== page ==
Around 35 years ago, in a cozy restaurant in the sultry south of Costa Rica, Leonardo Patterson discovered a goldmine that would form the nucleus of his business dealings. Tourists from Europe, the United States and Canada would listen entranced as the then-thirtysomething detailed his adventures in mountainous jungles and showed them the pieces of indigenous art he had supposedly recovered. Then he would offer to sell them.
Loquacious and easygoing, Patterson played the part of a humble, hardworking businessman when selling the stories he relayed to open-mouthed audiences. Even so, actually making a sale was a triumph in an age of stringent airport checks and the zeal of authorities when it came to protecting cultural heritage. The buyer would return home happy in the knowledge that in a corner of a suitcase lay a small piece of the history of early American civilization. In his restaurant in Puerto Viejo, Patterson would also be satisfied at having lined his pockets - by selling a fake.
Audacious, able and ambitious, Patterson, born in 1942 in Limón province, soon set his sights on greater rewards than the limited range that southern Costa Rica could bestow. So he duly decamped to New York, where he set himself up as a noble savage and began to infiltrate the glitterati of the art, diplomatic and business spheres in order to continue his trade in indigenous pieces, whether they were genuine or not. In 1985 he garnered the support of artist Yoko Ono and actor Michael Caine to stage an exhibition of supposed anthropological and archeological artifacts from the Bribri people, native to his province of Limón.
But Patterson's international wheeler-dealing came to an inglorious end last week when he was tried in a Santiago de Compostela court for smuggling protected heritage on the basis of an exhibition of Pre-Columbian art he organized in 1996, which featured pieces claimed by a variety of nations. He had been arrested in March of this year at Barajas airport in Madrid, and prosecutors have sought a two-year jail sentence and a fine of 60 million euros.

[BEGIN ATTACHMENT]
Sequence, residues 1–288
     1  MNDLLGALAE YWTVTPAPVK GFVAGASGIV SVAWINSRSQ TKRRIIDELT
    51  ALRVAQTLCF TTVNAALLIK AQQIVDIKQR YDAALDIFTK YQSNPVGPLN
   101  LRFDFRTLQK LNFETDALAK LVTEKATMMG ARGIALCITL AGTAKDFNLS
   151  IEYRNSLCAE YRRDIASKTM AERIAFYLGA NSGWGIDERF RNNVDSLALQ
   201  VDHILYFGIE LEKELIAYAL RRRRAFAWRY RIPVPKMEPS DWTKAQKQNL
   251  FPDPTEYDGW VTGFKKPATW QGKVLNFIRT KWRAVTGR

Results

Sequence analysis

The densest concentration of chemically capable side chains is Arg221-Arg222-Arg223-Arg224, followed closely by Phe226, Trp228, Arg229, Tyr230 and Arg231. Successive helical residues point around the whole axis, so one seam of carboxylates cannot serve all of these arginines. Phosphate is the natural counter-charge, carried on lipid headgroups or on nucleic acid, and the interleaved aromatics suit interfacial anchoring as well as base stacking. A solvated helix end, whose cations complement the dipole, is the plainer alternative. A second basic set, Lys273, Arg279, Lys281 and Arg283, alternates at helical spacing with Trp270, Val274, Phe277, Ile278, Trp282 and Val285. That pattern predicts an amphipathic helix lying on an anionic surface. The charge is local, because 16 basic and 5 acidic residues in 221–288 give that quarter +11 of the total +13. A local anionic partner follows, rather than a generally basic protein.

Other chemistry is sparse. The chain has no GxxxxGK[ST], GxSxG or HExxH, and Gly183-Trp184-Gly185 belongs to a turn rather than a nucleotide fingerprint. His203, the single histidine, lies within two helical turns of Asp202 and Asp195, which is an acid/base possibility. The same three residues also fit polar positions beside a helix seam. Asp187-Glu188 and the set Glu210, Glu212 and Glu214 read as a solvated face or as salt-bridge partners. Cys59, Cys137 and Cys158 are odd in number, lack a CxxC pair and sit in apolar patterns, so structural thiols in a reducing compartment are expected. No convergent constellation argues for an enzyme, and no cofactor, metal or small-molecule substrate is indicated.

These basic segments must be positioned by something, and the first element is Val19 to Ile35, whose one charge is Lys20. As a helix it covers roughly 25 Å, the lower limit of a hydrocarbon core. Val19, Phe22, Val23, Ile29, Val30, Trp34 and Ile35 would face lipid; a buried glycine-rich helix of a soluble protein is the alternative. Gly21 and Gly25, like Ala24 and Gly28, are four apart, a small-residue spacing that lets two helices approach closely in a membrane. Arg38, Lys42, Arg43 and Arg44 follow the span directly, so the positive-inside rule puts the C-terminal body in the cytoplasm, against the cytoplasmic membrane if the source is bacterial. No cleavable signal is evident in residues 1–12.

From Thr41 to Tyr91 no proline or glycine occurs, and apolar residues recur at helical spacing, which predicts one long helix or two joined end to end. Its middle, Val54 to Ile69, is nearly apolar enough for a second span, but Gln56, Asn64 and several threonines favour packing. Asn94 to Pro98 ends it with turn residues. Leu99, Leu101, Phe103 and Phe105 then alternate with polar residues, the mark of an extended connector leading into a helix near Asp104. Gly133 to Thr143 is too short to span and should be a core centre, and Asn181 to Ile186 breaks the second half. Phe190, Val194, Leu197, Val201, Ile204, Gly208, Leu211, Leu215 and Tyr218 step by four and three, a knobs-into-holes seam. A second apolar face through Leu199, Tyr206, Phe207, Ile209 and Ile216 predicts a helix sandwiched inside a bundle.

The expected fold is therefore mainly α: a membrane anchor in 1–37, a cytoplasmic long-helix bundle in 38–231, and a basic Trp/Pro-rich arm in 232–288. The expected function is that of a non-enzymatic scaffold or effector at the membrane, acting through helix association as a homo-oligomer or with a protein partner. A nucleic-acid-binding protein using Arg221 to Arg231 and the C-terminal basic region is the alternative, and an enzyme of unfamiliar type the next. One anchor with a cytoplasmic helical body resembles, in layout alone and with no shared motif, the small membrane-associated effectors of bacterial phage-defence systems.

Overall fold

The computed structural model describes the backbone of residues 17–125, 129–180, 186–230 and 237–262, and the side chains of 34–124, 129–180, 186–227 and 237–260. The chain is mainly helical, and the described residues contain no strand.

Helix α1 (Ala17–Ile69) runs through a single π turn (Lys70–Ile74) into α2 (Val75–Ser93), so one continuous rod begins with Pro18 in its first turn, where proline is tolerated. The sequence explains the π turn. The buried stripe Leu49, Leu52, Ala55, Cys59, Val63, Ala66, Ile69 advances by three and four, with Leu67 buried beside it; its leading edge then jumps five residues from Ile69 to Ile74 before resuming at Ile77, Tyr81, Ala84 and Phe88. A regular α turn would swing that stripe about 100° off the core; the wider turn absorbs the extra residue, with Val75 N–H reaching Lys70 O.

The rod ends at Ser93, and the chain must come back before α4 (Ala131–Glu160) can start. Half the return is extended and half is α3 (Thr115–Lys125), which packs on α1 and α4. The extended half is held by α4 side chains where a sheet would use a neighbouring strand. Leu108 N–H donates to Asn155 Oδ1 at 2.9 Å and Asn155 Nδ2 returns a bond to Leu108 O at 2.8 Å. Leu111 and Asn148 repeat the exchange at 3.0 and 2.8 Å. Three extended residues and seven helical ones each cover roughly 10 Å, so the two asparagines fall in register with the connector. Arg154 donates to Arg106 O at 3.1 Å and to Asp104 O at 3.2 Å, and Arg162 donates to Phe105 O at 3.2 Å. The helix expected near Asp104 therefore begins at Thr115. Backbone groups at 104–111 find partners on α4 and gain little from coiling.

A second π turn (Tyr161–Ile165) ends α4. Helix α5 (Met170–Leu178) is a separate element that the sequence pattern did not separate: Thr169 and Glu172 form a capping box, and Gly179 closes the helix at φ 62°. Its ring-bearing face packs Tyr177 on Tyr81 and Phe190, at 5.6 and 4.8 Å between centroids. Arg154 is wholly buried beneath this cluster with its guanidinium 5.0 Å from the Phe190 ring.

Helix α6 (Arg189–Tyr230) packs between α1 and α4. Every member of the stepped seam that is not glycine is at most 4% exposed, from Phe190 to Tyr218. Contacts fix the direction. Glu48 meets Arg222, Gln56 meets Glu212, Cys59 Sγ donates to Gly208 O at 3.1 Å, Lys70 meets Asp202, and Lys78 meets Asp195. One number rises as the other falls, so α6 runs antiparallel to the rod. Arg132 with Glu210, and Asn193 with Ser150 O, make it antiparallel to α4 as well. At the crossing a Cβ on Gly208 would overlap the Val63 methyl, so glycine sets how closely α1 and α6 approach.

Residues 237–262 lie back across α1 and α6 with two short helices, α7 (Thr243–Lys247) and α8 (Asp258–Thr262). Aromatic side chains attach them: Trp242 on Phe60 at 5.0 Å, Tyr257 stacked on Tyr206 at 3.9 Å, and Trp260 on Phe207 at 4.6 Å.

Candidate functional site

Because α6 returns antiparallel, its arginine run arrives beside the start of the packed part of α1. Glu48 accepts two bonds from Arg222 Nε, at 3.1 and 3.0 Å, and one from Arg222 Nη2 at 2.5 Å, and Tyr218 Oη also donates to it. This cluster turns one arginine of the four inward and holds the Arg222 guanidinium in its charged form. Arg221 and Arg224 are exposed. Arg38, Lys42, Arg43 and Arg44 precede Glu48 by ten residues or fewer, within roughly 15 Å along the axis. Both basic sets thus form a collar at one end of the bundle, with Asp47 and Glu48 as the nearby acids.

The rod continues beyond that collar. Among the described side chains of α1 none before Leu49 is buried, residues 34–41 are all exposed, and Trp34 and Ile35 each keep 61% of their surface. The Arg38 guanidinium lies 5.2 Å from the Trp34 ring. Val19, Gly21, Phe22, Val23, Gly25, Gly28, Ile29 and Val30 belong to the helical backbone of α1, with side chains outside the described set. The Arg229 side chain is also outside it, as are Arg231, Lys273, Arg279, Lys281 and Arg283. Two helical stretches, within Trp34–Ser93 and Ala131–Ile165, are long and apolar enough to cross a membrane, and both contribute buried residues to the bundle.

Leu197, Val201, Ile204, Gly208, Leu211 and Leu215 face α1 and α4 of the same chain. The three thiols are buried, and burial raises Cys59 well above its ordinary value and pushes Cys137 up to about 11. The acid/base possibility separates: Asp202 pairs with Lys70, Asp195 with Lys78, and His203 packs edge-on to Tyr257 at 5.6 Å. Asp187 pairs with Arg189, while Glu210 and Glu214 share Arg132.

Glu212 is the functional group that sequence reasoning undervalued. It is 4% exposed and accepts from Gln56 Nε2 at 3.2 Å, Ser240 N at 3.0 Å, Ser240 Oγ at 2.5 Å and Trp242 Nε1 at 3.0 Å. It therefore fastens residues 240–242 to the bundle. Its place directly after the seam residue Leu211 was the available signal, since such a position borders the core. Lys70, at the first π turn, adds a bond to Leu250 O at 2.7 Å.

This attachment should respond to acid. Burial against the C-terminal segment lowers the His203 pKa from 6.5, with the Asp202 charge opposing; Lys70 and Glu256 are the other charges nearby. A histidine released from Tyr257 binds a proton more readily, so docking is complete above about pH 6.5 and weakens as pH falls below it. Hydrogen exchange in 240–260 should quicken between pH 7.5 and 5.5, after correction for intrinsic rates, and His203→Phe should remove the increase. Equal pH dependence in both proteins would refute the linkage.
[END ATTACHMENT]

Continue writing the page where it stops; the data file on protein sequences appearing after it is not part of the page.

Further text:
It is a far cry from his lifestyle in New York, the base from where he became, in the words of the authorities in Mexico, Guatemala, Peru and Costa Rica, a smuggler of Pre-Columbian heritage. Patterson was placed on Guatemala's wanted list in 2008 for illegally exporting 269 pieces of Maya archeology for sale in Europe. Costa Rica wants 495 artifacts back from what has become known as the Patterson Collection, which includes 1,800 Pre-Columbian pieces including masks, sculptures, gold, gems and precious stones, valued at over 50 million euros. His trail was left in Mexico, from where he claimed to have removed Olmec artifacts for sale in Germany, which were false despite letters of authenticity from a lawyer and a Costa Rica politician.
In 1985, Patterson was stopped at US customs with a ceramic figure and 32 turtle eggs. "I brought them with me because they are delicious and very nutritious. I didn't know, and I don't think anybody does, that bringing them into the country and eating them is a federal offense in the United States," he said. He was placed on probation.
During the 1990s, he enrolled in the Foreign Service and became a cultural attaché to the United Nations, but Costa Rica revoked his diplomatic status when in 1995 The New York Times published an article linking Patterson with Val Edwards, an alleged trafficker of indigenous art from Mexico and Guatemala. But his fame was secured. The following year he arrived in Galicia and with the backing of a former regional premier he staged an exhibition attended by the former president of Costa Rica and Nobel Peace Prize winner, Óscar Arias Sánchez.
"He is well known because he did not just deal in Pre-Columbian pieces but also works of art, especially Salvador Dalí. But in investigations by the police and art experts it was concluded that many of the pieces were fake. That was the problem, for example, with the exhibition in Santiago," says a Costa Rican diplomat who knew Patterson.